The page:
“Change is painful, but nothing is as painful as staying stuck somewhere you don’t belong.”
Mandy Hall, Master Chef
One year ago, a beloved family member faced a pivotal moment in his life when a routine check-up with his physician revealed the early signs of fatty liver disease, a consequence of his fast food diet. At 39 years old, he was carrying an extra 150 pounds and felt the full weight of his self-imposed limitations. He battled fatigue, joint pain, and restrictions on his life, such as avoiding air travel and shying away from international work opportunities. He was on two blood pressure medications, a CPAP machine, and had grown severely deconditioned, with limited exercise tolerance.
Staring at the stark evidence of his condition, he made a life-altering decision that day. He told his MD that he would return in three months and, if he hadn’t shed any weight, he would consider taking the new GLP-1 medications, such as Wegovy.
The first step he took was to eliminate diet sodas and snacking. He committed to planning and preparing his meals, tracked his dietary intake using a mobile app, swore off eating out altogether and avoided eating out of a bag, box or bucket. He read many books and found The End of Overeating the most helpful in describing what he was up against. He initiated a gradual walking routine, just a few minutes each day at first. He became acutely aware of his tendencies to stress-eat.
Three months later, he had already lost an impressive 40 pounds. His renewed sense of vitality and early success propelled him toward a healthier lifestyle. Building upon these modest yet sustainable changes, he has shed a remarkable 144 pounds in the course of a year. Celebrating his 40th birthday with a piece of cake, he now walks five miles daily, is free from medications, with his liver function normalized. He also discovered a newfound appreciation for foods he never thought he’d enjoy.
His remarkable transformation is rooted in several key principles of habit science:
- Personal Motivation: His journey was fueled by a deeply personal motivator – the diagnosis of fatty liver disease. Without that, change is unlikely.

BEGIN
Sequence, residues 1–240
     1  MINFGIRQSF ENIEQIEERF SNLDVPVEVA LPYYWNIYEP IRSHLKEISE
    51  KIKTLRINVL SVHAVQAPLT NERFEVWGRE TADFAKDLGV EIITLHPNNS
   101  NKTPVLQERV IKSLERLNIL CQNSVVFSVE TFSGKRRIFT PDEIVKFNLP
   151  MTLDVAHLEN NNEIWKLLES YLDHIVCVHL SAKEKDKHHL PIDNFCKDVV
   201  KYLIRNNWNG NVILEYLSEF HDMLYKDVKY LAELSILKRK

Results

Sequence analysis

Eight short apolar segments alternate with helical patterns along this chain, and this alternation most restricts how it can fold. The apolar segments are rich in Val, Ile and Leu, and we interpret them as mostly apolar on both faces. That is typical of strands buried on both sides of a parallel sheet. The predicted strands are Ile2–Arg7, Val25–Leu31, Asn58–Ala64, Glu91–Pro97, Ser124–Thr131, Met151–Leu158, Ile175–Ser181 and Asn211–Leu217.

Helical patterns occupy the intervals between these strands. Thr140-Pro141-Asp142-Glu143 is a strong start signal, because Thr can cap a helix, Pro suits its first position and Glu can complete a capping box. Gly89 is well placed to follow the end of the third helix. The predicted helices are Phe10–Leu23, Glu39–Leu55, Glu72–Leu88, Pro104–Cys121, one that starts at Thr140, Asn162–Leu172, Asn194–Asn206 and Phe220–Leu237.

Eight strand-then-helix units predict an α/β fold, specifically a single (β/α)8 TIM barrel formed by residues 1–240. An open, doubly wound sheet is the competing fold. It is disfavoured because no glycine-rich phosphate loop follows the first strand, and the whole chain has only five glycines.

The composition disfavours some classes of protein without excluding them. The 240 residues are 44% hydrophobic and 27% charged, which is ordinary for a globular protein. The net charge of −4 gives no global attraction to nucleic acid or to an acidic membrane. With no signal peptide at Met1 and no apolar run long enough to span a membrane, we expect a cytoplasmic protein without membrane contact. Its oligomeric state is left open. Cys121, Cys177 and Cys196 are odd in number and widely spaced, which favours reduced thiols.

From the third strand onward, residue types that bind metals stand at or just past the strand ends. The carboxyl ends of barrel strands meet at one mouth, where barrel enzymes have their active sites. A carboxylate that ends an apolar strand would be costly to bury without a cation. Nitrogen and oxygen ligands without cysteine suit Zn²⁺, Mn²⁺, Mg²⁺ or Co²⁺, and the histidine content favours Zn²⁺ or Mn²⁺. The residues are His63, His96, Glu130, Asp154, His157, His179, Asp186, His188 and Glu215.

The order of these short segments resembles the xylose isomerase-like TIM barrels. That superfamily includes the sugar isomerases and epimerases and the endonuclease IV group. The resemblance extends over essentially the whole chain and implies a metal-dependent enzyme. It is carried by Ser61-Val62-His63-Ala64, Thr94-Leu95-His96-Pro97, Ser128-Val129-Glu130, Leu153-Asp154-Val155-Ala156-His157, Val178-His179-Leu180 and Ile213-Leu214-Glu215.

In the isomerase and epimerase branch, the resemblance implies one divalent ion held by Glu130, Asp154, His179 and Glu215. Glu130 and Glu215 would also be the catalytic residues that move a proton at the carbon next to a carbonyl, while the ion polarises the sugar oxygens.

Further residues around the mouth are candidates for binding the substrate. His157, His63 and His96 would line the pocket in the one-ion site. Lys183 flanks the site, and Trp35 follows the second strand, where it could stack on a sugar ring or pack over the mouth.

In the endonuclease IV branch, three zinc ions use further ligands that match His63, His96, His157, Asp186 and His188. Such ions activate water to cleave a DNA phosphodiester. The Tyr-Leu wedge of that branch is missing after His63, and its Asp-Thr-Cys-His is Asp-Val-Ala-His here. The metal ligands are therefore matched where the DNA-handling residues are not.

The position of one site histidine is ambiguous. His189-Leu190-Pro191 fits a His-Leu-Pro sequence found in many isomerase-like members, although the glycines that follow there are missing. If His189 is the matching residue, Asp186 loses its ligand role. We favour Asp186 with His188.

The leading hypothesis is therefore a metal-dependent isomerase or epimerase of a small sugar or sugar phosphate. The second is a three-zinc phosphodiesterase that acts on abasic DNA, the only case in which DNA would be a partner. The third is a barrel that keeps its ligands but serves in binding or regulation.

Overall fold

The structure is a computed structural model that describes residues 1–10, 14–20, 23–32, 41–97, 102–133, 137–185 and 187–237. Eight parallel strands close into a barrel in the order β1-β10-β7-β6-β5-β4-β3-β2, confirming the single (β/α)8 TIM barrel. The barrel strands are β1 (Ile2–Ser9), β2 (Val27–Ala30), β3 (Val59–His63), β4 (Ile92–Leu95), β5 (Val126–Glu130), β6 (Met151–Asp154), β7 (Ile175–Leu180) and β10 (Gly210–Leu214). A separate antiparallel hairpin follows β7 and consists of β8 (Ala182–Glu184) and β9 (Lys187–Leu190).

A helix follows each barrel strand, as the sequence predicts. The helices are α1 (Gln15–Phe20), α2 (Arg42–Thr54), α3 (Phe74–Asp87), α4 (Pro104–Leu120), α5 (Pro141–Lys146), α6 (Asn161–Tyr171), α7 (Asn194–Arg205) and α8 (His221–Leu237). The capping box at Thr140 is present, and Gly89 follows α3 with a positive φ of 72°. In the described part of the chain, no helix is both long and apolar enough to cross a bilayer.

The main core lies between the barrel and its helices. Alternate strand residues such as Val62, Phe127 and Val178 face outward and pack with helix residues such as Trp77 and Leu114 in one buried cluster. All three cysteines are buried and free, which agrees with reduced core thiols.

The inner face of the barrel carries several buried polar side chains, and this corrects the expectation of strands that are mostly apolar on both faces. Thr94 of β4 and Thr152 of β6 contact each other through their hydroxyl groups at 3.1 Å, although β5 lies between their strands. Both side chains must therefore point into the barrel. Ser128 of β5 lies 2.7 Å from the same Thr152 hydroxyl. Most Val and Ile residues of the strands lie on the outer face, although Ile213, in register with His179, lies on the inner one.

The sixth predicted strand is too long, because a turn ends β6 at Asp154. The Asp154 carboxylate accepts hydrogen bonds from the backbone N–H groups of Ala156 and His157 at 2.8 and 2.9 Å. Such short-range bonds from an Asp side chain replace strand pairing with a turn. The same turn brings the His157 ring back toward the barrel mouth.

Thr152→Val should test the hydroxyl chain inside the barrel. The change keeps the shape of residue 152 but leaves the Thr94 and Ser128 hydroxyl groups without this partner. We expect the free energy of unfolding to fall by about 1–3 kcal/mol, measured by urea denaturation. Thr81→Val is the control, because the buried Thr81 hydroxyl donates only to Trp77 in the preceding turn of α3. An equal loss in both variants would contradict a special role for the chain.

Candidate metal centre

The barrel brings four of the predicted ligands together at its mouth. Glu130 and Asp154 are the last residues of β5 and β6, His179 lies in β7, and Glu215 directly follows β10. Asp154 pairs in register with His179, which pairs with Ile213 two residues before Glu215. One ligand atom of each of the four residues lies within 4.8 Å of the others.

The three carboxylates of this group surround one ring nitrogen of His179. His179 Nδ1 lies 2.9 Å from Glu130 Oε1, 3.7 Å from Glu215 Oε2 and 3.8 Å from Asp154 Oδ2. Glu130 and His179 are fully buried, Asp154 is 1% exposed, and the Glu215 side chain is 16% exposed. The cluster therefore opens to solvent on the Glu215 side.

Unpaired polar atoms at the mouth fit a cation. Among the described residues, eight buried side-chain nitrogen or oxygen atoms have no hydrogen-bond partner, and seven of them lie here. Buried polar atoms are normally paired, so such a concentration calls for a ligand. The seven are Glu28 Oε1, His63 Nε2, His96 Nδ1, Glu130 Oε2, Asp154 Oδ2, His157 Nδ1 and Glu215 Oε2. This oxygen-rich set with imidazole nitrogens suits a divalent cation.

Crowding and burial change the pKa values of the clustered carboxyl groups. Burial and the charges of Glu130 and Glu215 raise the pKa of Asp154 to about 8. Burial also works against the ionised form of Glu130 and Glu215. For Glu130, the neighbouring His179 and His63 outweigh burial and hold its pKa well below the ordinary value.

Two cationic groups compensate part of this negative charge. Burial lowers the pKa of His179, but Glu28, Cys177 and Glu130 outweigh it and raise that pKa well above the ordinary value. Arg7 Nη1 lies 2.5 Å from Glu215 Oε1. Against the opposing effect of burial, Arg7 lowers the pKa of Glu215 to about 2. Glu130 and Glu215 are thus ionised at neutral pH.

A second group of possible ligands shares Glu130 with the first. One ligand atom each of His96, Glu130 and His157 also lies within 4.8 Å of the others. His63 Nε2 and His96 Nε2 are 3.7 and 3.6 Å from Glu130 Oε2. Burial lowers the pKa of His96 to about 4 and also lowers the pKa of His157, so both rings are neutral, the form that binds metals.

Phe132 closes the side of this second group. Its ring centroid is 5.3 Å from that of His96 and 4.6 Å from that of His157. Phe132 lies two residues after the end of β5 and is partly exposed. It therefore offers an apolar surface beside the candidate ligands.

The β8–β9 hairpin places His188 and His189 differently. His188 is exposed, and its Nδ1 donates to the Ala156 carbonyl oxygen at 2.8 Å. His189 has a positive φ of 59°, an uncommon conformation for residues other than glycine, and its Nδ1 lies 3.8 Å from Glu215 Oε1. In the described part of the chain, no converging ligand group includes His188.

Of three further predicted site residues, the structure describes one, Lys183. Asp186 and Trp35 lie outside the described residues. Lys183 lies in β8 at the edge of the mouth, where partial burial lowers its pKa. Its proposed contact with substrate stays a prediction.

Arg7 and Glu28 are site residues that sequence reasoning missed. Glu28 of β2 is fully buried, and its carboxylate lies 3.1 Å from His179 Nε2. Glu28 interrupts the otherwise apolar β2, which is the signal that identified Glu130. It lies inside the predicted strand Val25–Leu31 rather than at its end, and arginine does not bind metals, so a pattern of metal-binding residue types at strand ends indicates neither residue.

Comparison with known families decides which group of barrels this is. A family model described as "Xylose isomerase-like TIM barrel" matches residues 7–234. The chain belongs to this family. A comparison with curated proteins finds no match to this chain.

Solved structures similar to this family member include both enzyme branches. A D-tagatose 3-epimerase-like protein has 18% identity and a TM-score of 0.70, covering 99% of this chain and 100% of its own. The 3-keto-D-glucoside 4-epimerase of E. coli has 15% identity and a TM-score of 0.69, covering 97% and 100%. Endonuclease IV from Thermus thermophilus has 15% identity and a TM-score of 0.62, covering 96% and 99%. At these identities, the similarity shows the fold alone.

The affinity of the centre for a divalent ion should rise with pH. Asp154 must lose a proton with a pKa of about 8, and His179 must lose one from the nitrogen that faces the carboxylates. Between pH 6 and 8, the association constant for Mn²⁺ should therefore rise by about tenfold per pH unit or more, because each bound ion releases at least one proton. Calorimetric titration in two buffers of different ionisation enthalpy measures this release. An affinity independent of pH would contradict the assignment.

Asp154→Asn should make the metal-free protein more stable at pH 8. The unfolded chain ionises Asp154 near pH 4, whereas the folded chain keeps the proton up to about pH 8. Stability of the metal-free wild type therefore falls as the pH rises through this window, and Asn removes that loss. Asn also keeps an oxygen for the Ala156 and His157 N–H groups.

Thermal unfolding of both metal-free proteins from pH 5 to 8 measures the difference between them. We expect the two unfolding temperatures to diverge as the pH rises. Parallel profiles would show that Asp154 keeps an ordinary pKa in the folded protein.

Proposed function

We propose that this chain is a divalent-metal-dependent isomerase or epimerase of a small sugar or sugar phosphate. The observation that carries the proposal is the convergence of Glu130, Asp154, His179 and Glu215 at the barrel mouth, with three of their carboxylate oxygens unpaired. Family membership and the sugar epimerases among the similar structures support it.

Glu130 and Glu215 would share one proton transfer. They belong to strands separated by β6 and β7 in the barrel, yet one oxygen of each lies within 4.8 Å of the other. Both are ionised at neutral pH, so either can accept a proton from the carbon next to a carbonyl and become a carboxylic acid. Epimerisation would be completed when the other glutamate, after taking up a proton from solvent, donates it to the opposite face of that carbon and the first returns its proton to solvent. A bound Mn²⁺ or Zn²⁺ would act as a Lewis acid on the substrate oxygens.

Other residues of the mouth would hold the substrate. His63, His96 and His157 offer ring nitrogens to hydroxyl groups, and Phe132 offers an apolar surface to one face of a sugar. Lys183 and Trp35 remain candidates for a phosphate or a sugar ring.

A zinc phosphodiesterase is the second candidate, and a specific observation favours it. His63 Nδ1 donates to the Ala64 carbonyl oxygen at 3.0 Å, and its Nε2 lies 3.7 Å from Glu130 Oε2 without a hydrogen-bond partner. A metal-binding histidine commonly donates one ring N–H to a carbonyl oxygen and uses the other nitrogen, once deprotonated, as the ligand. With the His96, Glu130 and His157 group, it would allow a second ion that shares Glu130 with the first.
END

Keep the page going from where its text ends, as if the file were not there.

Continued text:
- Small Changes, Big Impact: Modest, sustainable changes compound over time, reaping substantial rewards.
- Early Success: Initial victories served as a catalyst for further progress.
- Better Systems: He interrupted unhealthy eating habits with effective systems that served him and rather than fixating on goals, he concentrated on the daily systems.
- Consistency Over Dramatics: Gradual and steady practices beat dramatic, unsustainable changes.
- Physical Activity: We can’t inhabit these bodies and not move them. Incorporating movement into his daily life became necessary, do-able and satisfying.
- Personal Policies: Creating personal policies, such as only eating off a plate, reduced decision-making fatigue.
- Toxic Food Culture: Recognizing the invisible influence of the environment, he saw the toxic food culture he was living in and the importance of planning meals.
- Habit Change is Internal: Transformation and self-regulation are primarily inside jobs.
- Belief in Change: People can change. They really can.
This incredible journey serves as a testament to the human capacity for change and the profound impact of small, sustainable habits on one’s overall well-being and quality of life.
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Why it is so Easy to Overeat
David Kessler Interview
Book recommended above-he has several long-form interviews on YouTube. Highly recommend.
Become the CEO of Your Whole Life:
Life Design for Wellbeing
(For Women Who Do Too Much- Men are welcome too!)
Free webinar I am doing on October 17, 2023 @ 12-1 PM EST. Sign up here
A Thoughtful Procrastination Researcher
Tim Pychyl on why we procrastinate (it’s not laziness!) and and how it can harm us.
We know all this, and a good reminder.
There are many ways to be smart, and its not the chicken model of leadership.
Stay Well, Eileen